Gaza war will continue for months, says Netanyahu

Hospital officials in central Gaza say at least 35 people have been killed in Israeli strikes

Updated - January 01, 2024 06:52 pm IST

Published - January 01, 2024 11:09 am IST - DEIR AL-BALAH, Gaza Strip

Israeli Prime Minister Benjamin Netanyahu attends the weekly cabinet meeting at the Kirya military base in Tel Aviv, Israel on December 31, 2023.

Israeli Prime Minister Benjamin Netanyahu attends the weekly cabinet meeting at the Kirya military base in Tel Aviv, Israel on December 31, 2023. | Photo Credit: AP

Israeli strikes in central Gaza killed at least 35 people on December 31, hospital officials said, as fighting raged across the tiny enclave a day after Israel’s prime minister said the war will continue for “many more months,” resisting international calls for a cease-fire.

The military said Israeli forces were operating in Gaza’s second-largest city, Khan Younis, and residents reported strikes in the central region, the latest focus of the nearly three-month air-and-ground war that has raised fears of a regional conflagration.

Also Read | Netanyahu defends Israel’s unparalleled ‘morality’ in Gaza war

The U.S. military said its forces shot and killed several Iran-backed Houthi rebels when they tried to attack a cargo ship in the Red Sea, an escalation in a maritime conflict linked to the war. And an Israeli Cabinet minister suggested encouraging Gaza’s population to emigrate, remarks that could worsen tensions with Egypt and other friendly Arab states.

Israel says it wants to destroy Hamas’ governing and military capabilities in Gaza, from where it launched its Oct. 7 attack on southern Israel. The militants killed some 1,200 people after breaking through Israel’s extensive border defenses, shattering its sense of security. They also captured around 240 hostages, nearly half of whom were released during a temporary cease-fire agreement in November.

Just after midnight on New Year’s Day, Hamas militants fired a barrage of rockets, setting off air raid sirens in southern and central Israel. No injuries were reported.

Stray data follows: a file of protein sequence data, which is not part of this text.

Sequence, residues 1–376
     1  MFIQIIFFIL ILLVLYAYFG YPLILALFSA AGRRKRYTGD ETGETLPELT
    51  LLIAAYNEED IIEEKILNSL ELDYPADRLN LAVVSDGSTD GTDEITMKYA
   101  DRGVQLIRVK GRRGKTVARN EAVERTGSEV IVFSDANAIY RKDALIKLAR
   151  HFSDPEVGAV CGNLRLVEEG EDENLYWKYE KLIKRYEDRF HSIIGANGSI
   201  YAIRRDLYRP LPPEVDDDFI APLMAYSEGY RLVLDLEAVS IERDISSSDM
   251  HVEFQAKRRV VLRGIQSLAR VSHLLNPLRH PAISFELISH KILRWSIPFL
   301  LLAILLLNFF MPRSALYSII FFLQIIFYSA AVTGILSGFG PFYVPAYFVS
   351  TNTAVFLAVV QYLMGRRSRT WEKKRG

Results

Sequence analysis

Displaced Palestinians found little to celebrate on New Year’s Eve in Muwasi, a makeshift camp in a mostly undeveloped area of southern Gaza’s Mediterranean coast designated by Israel as a safe zone.

“From the intensity of the pain we live, we do not feel that there is a new year,” said Kamal al-Zeinaty, huddled with his family around a fire inside a tent. “All the days are the same.”

Another relative, Zeyad al-Zeinaty, who fled with the family from the Jabaliya refugee camp in northern Gaza, said his wife, brother and grandchildren are among many relatives he has lost in the war.

Israel’s unprecedented air and ground offensive has killed more than 21,800 Palestinians and wounded more than 56,000 others, according to the Health Ministry in Hamas-ruled Gaza, which does not distinguish between civilian and combatant deaths.

The war has sparked a humanitarian crisis, with a quarter of Gaza residents facing starvation, according to the United Nations. Israel’s bombardments have leveled vast swaths of the territory, displacing some 85% of Gaza’s 2.3 million residents.

Israel expanded its offensive to central Gaza this week, targeting a belt of densely built-up communities that house refugees from the 1948 war surrounding Israel’s creation and their descendants.

In Zweida, an Israeli airstrike killed at least 13 people and wounded dozens of others, according to witnesses. The bodies were draped in white plastic and laid out in front of a hospital, where prayers were held before burial.

“They were innocent people,” said Hussein Siam, whose relatives were among the dead. “Israeli warplanes bombarded the whole family.”

Officials from Al-Aqsa Hospital in central Deir al-Balah said the 13 were among 35 bodies received on Sunday.